hybrid surgical suite, when we have our
interventional suite idle for 80% of the
time, which has exactly the same level of
functions they need. That direction has to
come from the C-suite. The C-suite needs
to get in touch and call on us as a consultant. We have not been at the table.
Bedel: When you say that word, efficiency, we’re never done. I think of it as
the elephant you keep trying to push up
the hill, and the minute you turn your
back, it will squash you. It’s a never ending focus. And our teams we’re pounding
on to be efficient need to understand the
value they add and the reasons why we’re
asking them to do things.
Lesic: We need to talk about capacity
issues, because I think we have a lot of
capacity in places that aren’t utilized.
Everybody wants to do their studies
between 8 and 4: 30. I have three MRs
that are very busy between maybe 8 and
6, but when I do capacity studies on it,
I find I really only need two and a half.
Ochoa: We’re looking at our outpatient
imaging centers. Should they be open
Saturdays and Sundays? And what times?
Nine o’clock on the weekends? Eleven
o’clock? We’re in the process of looking
Holland: In tough financial times, it’s
difficult to experiment and innovate.
How are your organizations innovating?
How are you look to get better, faster,
Claybourne: We are about to launch
a distributed imaging initiative where
there will be one work list for all of the
Mayo enterprise. Radiologists from any
of the sites will be able to take from those
lists based on their subspecialties. So
they’re setting up all kinds of rules for
which kinds of exams each radiologist
can read. We’re excited to see how it all
pans out. The general radiologists in the
small sites like mine are very concerned,
because they wonder, “Am I going to
read wrists, ankles, and chest x-rays the
rest of my career?” It has pros and cons,
and I think we will see turnover because
Roy: In my organization, we’ve created a
department called CS Medicine. They’re
taking everything we do on different
disease categories and developing best
practices. But what’s missing from that
care model? They have the oncologists
and cardiologists, but they don’t have
pathology and they don’t have imaging
as part of that. They’ve been very successful in eliminating unnecessary exams
and reducing length of stay, but taking
it to the next level, they have to leverage
the knowledge that imaging physicians
can bring. Imaging physicians can have
a dialog with doctors and say, “No, you
don’t need that CT scan—you need an
ultrasound, you need an MRI, you need
whatever.” If they would partner with
radiology, we could do probably double
what they’ve done, in less time.
Ochoa: At our institution, we put in a
whole layer of horizontal management.
We have people responsible for lab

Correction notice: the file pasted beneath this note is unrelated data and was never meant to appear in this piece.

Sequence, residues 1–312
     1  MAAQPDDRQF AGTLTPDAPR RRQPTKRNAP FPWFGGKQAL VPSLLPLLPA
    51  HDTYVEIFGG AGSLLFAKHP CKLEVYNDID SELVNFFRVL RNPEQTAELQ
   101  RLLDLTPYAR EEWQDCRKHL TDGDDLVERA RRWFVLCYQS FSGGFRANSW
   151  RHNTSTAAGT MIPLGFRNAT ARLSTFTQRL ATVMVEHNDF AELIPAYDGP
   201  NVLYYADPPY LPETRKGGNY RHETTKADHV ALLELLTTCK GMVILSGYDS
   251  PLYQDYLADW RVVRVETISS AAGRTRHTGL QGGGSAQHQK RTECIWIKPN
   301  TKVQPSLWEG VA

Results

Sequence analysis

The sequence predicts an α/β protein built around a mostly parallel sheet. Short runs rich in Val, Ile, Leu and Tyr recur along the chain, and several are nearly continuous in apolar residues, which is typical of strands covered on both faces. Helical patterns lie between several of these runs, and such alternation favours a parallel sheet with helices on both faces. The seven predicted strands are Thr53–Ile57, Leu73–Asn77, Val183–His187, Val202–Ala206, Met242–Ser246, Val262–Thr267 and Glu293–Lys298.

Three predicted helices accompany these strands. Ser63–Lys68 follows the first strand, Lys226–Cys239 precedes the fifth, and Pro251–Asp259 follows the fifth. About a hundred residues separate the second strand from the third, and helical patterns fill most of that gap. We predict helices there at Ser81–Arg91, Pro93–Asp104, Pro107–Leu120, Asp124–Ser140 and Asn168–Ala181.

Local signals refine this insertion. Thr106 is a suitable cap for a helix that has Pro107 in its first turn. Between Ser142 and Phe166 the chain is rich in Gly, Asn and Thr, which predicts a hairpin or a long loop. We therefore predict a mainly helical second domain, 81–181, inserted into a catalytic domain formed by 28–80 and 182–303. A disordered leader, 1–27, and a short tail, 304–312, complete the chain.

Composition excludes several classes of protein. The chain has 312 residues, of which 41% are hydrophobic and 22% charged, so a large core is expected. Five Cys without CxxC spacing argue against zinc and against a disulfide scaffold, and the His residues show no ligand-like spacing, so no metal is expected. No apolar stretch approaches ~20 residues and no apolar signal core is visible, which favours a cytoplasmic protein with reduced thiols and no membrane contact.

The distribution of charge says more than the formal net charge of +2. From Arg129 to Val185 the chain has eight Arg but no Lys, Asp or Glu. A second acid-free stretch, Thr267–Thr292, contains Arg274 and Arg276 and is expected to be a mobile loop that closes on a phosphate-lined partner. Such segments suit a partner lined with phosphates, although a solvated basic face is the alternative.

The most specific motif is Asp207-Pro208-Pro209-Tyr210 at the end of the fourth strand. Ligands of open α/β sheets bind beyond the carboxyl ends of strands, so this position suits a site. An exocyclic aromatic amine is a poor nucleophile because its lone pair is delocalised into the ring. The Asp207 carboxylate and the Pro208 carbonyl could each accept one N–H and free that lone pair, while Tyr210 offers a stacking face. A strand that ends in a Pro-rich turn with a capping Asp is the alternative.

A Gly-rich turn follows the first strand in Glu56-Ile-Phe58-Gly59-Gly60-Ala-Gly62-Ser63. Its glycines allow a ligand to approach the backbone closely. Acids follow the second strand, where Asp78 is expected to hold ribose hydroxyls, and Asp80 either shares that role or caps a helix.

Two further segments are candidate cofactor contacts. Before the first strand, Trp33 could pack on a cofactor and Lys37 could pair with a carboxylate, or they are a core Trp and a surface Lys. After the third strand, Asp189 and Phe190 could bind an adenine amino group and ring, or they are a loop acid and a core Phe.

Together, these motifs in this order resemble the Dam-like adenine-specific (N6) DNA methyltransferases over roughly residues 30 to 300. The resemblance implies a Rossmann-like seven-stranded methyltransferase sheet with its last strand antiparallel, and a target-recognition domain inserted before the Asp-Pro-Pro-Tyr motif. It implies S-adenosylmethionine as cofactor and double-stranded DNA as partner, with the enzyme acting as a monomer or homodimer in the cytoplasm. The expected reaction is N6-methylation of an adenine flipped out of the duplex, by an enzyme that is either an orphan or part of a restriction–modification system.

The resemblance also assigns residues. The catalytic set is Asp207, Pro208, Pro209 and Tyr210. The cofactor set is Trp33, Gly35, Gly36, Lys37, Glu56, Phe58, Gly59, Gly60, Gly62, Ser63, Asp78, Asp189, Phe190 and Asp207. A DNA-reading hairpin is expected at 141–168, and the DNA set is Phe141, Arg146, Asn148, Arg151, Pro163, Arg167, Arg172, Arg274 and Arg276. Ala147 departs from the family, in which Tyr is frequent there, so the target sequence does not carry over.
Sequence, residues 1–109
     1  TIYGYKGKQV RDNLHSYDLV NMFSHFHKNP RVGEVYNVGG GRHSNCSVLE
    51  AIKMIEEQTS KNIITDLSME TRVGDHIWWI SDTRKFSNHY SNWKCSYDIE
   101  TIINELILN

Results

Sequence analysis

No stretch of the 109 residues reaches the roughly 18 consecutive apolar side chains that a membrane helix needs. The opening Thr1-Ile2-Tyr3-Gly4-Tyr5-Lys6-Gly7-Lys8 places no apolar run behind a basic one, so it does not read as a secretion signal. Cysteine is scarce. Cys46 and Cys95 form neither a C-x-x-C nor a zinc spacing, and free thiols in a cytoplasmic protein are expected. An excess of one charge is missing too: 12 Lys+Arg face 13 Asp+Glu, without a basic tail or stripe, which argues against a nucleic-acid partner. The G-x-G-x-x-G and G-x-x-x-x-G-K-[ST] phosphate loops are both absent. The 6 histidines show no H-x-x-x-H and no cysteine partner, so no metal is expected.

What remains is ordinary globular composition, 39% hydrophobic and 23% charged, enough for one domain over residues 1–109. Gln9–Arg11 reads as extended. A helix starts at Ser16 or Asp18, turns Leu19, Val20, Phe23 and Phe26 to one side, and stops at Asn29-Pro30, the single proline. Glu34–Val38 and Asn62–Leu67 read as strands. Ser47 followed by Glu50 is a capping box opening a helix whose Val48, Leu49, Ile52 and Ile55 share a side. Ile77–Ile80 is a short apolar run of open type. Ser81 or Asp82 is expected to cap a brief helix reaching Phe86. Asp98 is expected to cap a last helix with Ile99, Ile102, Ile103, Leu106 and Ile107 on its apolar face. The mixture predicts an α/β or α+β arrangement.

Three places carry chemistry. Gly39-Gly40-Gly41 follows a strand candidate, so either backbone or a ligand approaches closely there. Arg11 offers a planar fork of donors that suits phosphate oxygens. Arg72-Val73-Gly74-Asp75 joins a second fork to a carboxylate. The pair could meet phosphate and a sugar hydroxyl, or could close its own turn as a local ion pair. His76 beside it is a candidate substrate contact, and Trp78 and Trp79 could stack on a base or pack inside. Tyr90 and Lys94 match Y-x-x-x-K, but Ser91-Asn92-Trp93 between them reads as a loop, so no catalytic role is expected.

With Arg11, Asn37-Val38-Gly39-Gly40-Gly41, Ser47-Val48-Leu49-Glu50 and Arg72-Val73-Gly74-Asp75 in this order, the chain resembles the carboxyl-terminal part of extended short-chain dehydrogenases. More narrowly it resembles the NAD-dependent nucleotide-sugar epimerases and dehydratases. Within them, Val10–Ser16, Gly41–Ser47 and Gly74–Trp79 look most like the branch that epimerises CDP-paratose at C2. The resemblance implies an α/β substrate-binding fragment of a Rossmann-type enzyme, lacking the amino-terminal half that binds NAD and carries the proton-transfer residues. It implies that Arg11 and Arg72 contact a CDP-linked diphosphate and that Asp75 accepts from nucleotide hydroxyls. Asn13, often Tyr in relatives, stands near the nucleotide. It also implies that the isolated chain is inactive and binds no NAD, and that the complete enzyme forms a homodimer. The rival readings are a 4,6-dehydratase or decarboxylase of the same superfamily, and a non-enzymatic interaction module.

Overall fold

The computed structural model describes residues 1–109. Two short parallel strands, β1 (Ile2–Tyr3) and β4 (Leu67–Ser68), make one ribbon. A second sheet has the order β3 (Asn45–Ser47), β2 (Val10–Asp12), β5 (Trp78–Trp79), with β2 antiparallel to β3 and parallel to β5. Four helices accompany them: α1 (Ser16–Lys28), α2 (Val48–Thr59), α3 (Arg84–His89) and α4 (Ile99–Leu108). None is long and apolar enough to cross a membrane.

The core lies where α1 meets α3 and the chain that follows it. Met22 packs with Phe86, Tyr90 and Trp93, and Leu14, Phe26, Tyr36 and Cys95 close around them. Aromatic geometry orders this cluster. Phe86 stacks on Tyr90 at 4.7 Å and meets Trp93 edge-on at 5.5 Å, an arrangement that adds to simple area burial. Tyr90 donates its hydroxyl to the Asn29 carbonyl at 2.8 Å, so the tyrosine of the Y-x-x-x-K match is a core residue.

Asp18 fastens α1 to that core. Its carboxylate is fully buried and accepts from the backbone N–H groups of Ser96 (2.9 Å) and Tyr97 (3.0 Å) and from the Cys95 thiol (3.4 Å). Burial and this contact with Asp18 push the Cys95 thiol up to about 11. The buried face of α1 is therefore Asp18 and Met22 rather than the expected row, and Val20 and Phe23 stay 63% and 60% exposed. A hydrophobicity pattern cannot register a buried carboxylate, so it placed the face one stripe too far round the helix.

throughout the five hospitals. We have
people responsible for radiology, pathology, and cardiology. We’ve started really
looking at what we’re doing and what the
variation is. We’ve done a lot to reduce
variation and lower our costs. We’re looking at software that will allow a referring
physician who’s reviewing an image to
send a text to any of the radiologists currently reading. It’s going to be interesting
how our radiologists embrace that—it’s a
conduit to the physicians, where they can
get back to them immediately and have a
conversation about the patient.
Steffen: Advocate is teaming up with a
lot of vendors. We’re teaming with Blue
Cross Blue Shield of Illinois. We’re teaming with GE on DoseWatch and the
Blueprint. So I see more and more partnerships with non-hospital based places.
Vasquez: I think we need the right infra-
structure in order to innovate. Among
our 13 hospitals, we have seven groups
of radiologists. Recently, all the chairs of
imaging were called to the mother house
and they were told to come up with a
plan to create just one group. They were
told, “We don’t care how you do it, but
get there, and if you don’t get there by
December, we will give you the plan we’re
going to implement.” As a result, they are
talking and meeting every month.
Holland: In thinking about sustained
change, what are the barriers? What are
the hurdles we have to clear in order to
have a sea change? What gets in the way?
Ochoa: We get in the way. You look at contracts, like the inability to send patients to
a center that has capacity. When I get an
authorization, I get it for just one center.
If I want to move a patient, I have to get
different authorization because we’re not
aligned to get an authorization for Scripps
Health—we get it for Scripps Mercy Hospital. We need to look at ourselves as one
entity, and until we figure that out, we’re
not going to be successful.
Palmucci: At Vanderbilt, we have outpatient imaging centers all around
Nashville, but I am not allowed to send
patients to them because they’re a separate entity, Vanderbilt Imaging Systems,
and the revenue goes there. Management
wants the revenue booked to Children’s
Vasquez: For everything we do, regulations increase—every time we turn
around. For example, a few years ago, I
didn’t have to worry about getting MR
and CT accreditation. We have to get
away from all the regulations so we can
spend more time doing things that are
meaningful to the patient.
Rhynus: It’s up to us, people in our
seats who know what’s going on, to help
change the culture. There is going to be
cultural change. What I don’t know is
how we get all our peers who aren’t at
this table to understand that. It is a huge
education process, and we don’t have a
lot of time to do that.